Ferenc Eisenhut (also known as Franz Xaver Eisenhut) (Hungarian/German, 1857–1903), The Old Warrior, signed and dated 1890 Munchen, oil on panel, 9.25″ x 7″
Ferenc Eisenhut is considered one of Hungary’s greatest 19th century academic painters, with works in museums and monuments throughout the world. His best-known works are: Death of Gül Baba, Money Changers in Tiflis, The Storyteller, Pasha’s Concubine, Battle of Zenta, Slave Trade, and Cock-Fighting. Eisenhut received numerous prestigious awards and was the first artist to receive the National Gold Medal in Budapest for his painting Death of Gül Baba (1886). In the last two decades of the 19th century, Eisenhut was the only Hungarian orientalist painter who gained international recognition. He contributed to the developing artistic life in Hungarian towns and helped improve the international status of Hungary in the world of art.
Eisenhut was born in 1857 in Deutsch-Palanka. His mother tongue was German, but he also spoke Hungarian and Serbian fluently. His father, Georg Eisenhut, wanted his son to become a merchant. However, Franz, whose artistic talent had been evident from early childhood, fervently wished to become a painter. Through the initiative of Karl Mezey, a prominent Palanka lawyer, and with the financial support of several wealthy Palanka citizens, young Eisenhut was sent to Hungarian Royal Drawing School in Budapest from 1875 until 1877. He ultimately became a student of the Royal Academy of Fine Arts in Munich and studied there until 1883.
After completing his academic studies, he made his first trip to the Orient. In the same year he made his artistic debut in Budapest with the Islamic theme, “Healing through the Koran.” Fascinated by the people and culture of Italy, Turkey, Egypt, Syria and Tunisia, he traveled to these regions yearly for inspiration for his paintings.
By the young age of 33, he was already a world-famous artist whose paintings were admired in exhibitions in Munich (1888, 1892, 1897, 1901), Vienna (1888), Berlin (1891, 1892, 1893, 1895), Antwerpen (1892), Madrid (1892), and Paris (1895). He was lavished with commissions from art patrons and dealers, and his international success provided him financial security and a carefree life.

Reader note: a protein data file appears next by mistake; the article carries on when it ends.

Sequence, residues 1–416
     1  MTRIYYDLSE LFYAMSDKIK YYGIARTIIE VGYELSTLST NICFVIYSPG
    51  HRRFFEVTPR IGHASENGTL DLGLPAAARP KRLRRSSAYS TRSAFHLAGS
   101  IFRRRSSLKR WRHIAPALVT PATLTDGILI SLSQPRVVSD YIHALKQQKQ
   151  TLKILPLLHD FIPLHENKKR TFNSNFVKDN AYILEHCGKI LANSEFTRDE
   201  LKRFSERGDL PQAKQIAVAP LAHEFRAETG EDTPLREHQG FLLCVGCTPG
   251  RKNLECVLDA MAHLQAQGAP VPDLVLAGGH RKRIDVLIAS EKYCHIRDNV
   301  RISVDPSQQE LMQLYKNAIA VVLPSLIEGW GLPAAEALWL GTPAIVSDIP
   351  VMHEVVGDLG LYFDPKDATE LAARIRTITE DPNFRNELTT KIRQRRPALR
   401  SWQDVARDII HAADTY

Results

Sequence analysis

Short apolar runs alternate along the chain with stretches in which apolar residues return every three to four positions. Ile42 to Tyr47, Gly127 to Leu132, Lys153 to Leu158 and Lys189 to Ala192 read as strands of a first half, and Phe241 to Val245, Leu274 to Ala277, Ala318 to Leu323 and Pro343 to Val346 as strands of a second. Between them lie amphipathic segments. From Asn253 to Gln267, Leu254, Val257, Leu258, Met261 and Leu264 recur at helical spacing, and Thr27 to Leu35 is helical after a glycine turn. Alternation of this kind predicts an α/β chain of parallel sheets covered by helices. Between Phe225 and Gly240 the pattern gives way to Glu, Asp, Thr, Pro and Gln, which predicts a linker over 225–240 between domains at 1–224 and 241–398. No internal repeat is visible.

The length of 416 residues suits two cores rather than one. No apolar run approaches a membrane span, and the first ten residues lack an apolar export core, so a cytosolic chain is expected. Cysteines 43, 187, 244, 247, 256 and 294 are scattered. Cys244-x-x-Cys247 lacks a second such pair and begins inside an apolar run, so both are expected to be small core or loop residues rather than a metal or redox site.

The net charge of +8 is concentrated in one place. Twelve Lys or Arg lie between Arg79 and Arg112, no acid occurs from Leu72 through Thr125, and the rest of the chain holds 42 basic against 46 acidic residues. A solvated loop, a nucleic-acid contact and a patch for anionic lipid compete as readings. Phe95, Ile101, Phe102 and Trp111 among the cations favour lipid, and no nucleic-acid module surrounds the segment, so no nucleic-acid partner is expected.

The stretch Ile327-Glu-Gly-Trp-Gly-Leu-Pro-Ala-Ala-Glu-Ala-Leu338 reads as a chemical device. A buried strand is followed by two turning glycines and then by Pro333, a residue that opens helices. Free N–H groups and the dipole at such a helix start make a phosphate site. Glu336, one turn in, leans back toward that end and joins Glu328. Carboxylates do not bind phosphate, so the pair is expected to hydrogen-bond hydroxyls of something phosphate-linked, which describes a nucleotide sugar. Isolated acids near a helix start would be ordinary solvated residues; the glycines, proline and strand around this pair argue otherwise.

One of his most famous works is the painting “Battle of Zenta”, made in 1896 for the Hungarian Millennium Exhibition, celebrating 1000 years since the Hungarian settlement in the Great Hungarian Plain. The painting was ordered by the Bács-Bodrog County and is still exhibited in Sombor City Hall.
Eisenhut’s works attracted the attention of Prince Regent Luitpold of Bavaria, and eventually earned him the affection and friendship of the ruler. Emperor Franz Josef was also impressed by his talent and purchased the painting “Death of Gül Baba” for the throne room of the royal palace in Budapest. His home community of Palanka honored the artist by naming one of their most beautiful streets after him. Whenever he paid a visit to the town of his birth, he was welcomed and celebrated with the highest honors. When he became critically ill in Munich at the age of 46 years, Prince Regent Luitpold of Bavaria came twice to visit him at his deathbed. Eisenhut died on June 2nd, 1903 and was buried in the Central Cemetery in Munich. The Artists’ Association of Munich erected a monument in honor of their famous member.